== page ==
The relationships between alumni identity, engagement, and donations have been widely studied, but their true nature is still largely unknown due to the diverse factors suspected to contribute to donor motivations. Using the framework of organizational identity (OID) theory, this study comprehensively examined the way in which these constructs interact with each other using structural equation modeling (SEM). The alumni community of a small, selective, liberal arts college served as the population of interest. The data consisted of an alumni survey, institutional engagement information, donation records, and demographic information. The three tested models differed in how donations were measured and utilized separate outcome variables: donor status, cumulative giving, and number of gifts. The results suggested different relationship characteristics in each model, emphasizing the importance of using multiple metrics in alumni donation research. Engagement was found to significantly predict both OID and donations in every model, and its significance highlights OID theory’s deficiency in accounting for relevant post-graduation experiences. The donor status model most supported OID theory by showing the importance of identity in initial support behaviors. The other models did not support the theory and emphasized the importance of using engagement as a predictor variable. Engagement was a stronger predictor than OID for both total giving and the number of gifts. While engagement is a consistently strong predictor of donations, there is evidence of the relationship being mediated by OID. OID was not significant in predicting total giving. The models advance the understanding of the field by showing that while both engagement and identity are key to predicting donations, identity is more crucial to the initial giving decision, and engagement is key to formation of long-term giving habits and increased amounts of support.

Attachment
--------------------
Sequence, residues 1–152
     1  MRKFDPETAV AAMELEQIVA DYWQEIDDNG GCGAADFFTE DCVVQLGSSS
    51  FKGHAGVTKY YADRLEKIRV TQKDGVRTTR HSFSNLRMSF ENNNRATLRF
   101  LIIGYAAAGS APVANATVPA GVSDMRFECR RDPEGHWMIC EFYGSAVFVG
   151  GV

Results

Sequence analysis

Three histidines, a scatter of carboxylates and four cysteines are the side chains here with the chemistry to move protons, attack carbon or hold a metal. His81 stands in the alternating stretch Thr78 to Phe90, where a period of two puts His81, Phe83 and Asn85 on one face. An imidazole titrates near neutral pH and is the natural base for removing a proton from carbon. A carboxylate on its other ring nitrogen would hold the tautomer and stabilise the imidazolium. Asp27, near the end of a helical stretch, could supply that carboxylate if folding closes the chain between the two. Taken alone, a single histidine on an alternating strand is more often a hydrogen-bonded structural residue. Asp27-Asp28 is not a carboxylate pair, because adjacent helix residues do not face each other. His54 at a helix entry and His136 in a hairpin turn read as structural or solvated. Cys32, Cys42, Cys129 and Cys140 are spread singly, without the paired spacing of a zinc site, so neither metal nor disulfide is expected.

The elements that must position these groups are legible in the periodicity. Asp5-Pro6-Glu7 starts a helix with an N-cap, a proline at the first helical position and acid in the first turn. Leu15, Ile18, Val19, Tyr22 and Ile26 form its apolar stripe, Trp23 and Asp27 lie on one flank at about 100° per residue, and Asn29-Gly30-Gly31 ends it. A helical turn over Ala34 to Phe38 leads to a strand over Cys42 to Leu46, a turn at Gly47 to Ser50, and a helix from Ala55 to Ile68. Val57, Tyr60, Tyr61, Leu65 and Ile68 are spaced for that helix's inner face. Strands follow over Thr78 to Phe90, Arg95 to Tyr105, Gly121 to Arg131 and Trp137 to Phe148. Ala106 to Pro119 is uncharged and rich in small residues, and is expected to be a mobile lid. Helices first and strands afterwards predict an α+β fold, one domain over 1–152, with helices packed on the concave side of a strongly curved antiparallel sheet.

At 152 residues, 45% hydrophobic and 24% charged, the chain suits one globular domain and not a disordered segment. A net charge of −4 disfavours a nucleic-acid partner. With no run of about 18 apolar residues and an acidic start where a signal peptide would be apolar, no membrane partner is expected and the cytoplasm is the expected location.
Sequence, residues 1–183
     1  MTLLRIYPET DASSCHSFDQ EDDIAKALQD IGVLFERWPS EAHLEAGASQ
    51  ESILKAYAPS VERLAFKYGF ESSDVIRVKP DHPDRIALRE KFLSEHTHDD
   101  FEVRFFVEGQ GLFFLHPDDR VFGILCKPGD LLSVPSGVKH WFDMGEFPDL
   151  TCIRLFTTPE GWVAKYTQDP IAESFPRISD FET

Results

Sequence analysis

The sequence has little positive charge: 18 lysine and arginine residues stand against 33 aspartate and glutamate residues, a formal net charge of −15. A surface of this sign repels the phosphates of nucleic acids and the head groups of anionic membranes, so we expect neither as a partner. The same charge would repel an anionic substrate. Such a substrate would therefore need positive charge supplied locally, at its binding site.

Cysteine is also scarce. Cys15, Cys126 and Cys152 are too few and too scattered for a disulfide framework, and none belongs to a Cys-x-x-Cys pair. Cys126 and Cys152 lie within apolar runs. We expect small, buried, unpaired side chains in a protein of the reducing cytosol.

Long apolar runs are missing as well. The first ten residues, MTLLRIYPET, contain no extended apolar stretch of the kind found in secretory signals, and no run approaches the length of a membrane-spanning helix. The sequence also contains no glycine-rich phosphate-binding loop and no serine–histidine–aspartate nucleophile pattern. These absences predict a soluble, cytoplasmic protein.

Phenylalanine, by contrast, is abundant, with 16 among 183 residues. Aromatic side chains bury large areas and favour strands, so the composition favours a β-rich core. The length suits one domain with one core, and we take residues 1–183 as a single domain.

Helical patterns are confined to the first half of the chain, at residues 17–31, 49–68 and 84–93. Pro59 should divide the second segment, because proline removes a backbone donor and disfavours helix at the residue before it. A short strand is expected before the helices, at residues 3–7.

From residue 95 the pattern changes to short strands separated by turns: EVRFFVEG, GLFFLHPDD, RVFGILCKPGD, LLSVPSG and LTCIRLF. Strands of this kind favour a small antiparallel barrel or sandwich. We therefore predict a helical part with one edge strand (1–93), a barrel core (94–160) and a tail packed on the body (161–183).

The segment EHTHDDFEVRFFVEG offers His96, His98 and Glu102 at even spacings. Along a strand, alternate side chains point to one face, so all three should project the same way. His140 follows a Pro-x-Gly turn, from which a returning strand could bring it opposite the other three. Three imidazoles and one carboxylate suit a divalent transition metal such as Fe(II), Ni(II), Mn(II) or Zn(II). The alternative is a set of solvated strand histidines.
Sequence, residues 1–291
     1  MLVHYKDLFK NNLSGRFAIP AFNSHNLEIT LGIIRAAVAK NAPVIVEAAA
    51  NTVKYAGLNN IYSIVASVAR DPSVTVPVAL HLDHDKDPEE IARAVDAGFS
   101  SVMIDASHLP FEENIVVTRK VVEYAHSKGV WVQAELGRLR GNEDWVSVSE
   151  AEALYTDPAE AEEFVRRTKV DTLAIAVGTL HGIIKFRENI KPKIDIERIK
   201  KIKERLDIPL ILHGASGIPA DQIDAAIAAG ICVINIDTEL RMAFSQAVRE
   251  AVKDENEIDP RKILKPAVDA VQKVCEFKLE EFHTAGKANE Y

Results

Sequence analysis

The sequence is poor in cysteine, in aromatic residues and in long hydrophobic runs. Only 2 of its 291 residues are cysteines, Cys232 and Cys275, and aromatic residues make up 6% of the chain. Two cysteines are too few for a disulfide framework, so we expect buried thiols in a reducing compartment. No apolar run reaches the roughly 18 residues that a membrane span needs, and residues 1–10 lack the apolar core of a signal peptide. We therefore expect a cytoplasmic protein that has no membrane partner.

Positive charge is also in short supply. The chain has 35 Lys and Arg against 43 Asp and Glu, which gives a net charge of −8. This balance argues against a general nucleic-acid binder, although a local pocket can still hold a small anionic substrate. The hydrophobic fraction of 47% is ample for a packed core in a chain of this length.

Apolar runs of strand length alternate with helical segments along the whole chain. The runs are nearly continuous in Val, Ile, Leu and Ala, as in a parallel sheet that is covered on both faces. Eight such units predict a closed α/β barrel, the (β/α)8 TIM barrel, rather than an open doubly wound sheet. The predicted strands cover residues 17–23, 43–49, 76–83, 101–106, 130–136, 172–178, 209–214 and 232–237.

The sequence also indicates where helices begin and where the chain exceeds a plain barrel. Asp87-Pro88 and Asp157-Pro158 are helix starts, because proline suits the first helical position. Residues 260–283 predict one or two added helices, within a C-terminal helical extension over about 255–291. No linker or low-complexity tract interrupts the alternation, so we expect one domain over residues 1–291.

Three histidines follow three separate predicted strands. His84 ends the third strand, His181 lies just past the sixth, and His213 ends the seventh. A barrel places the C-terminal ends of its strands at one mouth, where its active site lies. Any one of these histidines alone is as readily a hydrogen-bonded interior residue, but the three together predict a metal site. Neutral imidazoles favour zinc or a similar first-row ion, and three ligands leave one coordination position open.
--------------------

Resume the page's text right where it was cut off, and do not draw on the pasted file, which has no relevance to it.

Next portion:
|Advisor:||Mendez, Sylvia L|
|Commitee:||Carpenter, Dick, Morris, Phillip, Rask, Kevin, Bell, Megan|
|School:||University of Colorado Colorado Springs|
|Department:||College of Education-Leadership, Research and Foundations|
|School Location:||United States -- Colorado|
|Source:||DAI-A 81/11(E), Dissertation Abstracts International|
|Subjects:||Higher education, Educational leadership, Behavioral psychology|
|Keywords:||Alumni, Alumni Engagement, Alumni Relations, Fundraising, Institutional Advancement, Organizational Identity|
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